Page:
Some may have grown tired of the debate over whether humans will eventually be outdone by machines. But the fact that it’s constantly talked about doesn’t dampen the reality it signifies: the calm before what will likely be a violent paradigm shift in every industry, including, you guessed it – translation and localization.
It’s been predicted that machines could take almost half of the jobs in the U.S. by 2030. In more dire projections, some posit Artificial Intelligence (AI) will mean world domination (and it’s not the humans who take over).
The so called “singularity” might come sooner than we think, with robots developing into the humanoids necessary to take on our daily tasks, and in some cases, our jobs completely.
A recent study asked experts from the machine learning field to hypothesize when AI would reign supreme. In the translation realm, it will only take 20 years, they predicted.
Machine Translation (MT) is an amazing cost saver and can create smaller, more manageable workloads. But, for the time being, accurate and thorough translations still require the human touch. Here’s why.
A Massive Undertaking
MT has taken roughly 50 years to get to the performance level it’s at now, and even with five decades of improvements, it’s still not perfect. Creating a robust MT system that covers all known languages is a massive undertaking. The task would encompass creating a corpus of text that spans 7,000 languages with proper grammar and context-accuracy.
Don’t forget, too, that language evolves over time. This means that whenever our lexicon grows, so would our text corpus.
Unless there is an unprecedented shift in neural technology, it’s not likely this endeavor will be conquered in the near future. The scope of creating MT that’s more effective than human linguists seems impossibly large in the short term.
Communication Not Commodity
A machine’s ability to translate documents by way of rote, neural memory doesn’t compare to a translator’s personal skills. Although MT can do some of the work itself, when it comes to consultation, and recommendation based on projects, this is still in the humans’ realm.
Until MT systems reach a level of intelligence that allows complex and insightful thought processes, linguists will need to make executive translation decisions. For example, a robot can’t yet tell whether certain text might be offensive or might not fit into context.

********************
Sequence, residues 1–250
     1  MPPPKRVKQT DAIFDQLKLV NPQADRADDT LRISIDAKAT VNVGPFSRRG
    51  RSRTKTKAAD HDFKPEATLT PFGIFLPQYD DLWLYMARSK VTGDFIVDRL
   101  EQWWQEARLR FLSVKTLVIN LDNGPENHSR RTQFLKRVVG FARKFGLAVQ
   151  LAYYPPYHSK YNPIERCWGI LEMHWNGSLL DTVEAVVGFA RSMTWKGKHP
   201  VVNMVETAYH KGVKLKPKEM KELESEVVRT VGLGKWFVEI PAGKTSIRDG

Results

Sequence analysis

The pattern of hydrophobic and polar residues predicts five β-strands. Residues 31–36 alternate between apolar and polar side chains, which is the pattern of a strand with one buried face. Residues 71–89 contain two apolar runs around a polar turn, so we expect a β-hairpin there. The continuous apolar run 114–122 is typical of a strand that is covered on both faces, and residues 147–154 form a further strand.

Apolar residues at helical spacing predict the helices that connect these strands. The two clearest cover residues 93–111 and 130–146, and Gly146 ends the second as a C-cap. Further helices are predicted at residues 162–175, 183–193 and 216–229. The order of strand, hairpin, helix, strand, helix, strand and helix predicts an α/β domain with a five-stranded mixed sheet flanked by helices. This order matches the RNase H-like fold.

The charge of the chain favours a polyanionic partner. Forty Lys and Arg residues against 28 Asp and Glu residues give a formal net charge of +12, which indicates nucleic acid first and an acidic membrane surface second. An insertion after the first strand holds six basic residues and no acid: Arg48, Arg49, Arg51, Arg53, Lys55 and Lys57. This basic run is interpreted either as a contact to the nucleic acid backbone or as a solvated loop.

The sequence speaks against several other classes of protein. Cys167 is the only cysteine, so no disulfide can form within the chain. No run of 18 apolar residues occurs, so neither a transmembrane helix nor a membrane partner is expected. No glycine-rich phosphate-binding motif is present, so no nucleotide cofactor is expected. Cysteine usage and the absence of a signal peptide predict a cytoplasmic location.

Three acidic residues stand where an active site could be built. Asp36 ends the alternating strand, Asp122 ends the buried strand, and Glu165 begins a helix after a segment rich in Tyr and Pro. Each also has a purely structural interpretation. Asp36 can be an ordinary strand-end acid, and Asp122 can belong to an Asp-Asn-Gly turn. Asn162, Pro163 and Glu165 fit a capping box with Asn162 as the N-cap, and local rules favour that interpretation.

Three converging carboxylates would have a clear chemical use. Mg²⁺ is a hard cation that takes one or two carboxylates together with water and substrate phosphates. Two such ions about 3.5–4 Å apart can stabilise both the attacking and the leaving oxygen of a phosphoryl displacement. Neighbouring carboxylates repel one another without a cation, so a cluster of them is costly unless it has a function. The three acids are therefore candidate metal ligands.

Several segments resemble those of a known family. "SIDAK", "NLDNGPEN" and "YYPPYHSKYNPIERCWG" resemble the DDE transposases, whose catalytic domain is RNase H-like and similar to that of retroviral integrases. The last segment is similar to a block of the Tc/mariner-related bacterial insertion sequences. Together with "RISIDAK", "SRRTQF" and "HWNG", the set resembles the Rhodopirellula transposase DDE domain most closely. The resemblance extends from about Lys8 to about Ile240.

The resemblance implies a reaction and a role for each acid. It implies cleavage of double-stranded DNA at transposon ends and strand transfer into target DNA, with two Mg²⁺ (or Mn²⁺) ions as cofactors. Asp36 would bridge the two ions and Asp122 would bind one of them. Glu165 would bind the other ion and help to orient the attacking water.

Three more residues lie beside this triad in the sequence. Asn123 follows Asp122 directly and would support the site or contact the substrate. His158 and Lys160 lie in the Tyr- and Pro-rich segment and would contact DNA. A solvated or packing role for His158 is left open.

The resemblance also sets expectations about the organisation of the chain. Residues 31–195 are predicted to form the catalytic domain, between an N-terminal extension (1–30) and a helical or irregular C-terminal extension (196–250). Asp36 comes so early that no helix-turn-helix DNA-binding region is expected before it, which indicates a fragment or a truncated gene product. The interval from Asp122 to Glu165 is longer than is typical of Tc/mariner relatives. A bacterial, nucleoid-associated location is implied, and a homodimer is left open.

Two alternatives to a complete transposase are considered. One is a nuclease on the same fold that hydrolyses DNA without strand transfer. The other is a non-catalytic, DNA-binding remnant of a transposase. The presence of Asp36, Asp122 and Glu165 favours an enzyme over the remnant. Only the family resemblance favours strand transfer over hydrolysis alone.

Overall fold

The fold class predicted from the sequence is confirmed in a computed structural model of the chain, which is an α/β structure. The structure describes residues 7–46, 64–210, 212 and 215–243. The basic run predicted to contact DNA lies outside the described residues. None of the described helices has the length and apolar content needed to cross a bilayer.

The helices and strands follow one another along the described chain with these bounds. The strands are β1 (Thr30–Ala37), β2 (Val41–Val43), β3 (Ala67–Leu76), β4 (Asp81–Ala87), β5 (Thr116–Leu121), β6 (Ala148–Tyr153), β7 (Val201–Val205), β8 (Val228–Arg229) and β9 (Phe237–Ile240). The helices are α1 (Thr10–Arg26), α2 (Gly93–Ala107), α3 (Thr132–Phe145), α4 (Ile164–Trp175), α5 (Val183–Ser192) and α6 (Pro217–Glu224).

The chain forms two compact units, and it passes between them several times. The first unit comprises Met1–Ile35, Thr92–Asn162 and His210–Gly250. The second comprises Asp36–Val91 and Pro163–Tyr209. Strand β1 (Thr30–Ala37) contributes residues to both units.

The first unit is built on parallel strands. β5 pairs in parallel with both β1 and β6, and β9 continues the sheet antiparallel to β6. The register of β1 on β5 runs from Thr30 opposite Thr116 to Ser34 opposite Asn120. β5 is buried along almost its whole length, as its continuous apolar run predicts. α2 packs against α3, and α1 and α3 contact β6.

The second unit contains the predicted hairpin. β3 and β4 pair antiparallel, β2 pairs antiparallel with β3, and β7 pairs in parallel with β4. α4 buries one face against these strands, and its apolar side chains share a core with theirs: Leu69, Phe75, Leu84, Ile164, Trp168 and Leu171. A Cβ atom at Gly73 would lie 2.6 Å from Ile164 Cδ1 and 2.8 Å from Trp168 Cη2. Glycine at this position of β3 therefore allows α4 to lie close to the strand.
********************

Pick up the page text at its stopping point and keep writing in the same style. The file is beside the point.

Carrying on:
Our ability to think creatively and be intuitive is something robots lack. Although, some think that might not be the case in the future.
Native speakers with a strong knowledge of the industry they’re translating for are important. You can teach an MT system how to leverage a corpus, but you can’t tell a neural network how to become an expert in the legal field, for example.
Until there are robots that can think just like humans, we’ll still need professional linguists to translate industry-specific materials. The same is true when it comes to fluency and native language knowledge – a native speaker intuitively knows how to navigate different context and nuance based on specific circumstances. An MT system cannot yet do that.
What Does The Future Hold?
It’s not certain that AI will take translators’ jobs in the future. And, as stated earlier, even if it happens, it will likely be a while before MT reaches human accuracy.
But we’ve already seen technology snatch jobs from humans. Fortune reports that the United States has lost five million factory jobs since 2000, with the majority being taken by robots. It’s expected that almost half of all jobs in the US could be lost to automation in the near future, too.
MT is progressing fast, and although unlikely, it could debunk predictions and come into its own sooner than we think. But that hasn’t happened yet.
In the meantime, translators should educate themselves at every chance they get, learning new skills to make themselves more attractive to those in need of localization. The more they show off the importance of the “human touch,” the more likely they’ll continue to be chosen over MT in the future.